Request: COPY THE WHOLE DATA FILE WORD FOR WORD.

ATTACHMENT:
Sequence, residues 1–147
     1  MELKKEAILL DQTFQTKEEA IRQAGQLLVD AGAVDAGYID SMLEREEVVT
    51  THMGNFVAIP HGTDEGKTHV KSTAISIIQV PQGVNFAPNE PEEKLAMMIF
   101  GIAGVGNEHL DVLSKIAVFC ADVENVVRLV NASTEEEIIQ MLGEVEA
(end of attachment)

Sequence, residues 1–147
     1  MELKKEAILL DQTFQTKEEA IRQAGQLLVD AGAVDAGYID SMLEREEVVT
    51  THMGNFVAIP HGTDEGKTHV KSTAISIIQV PQGVNFAPNE PEEKLAMMIF
   101  GIAGVGNEHL DVLSKIAVFC ADVENVVRLV NASTEEEIIQ MLGEVEA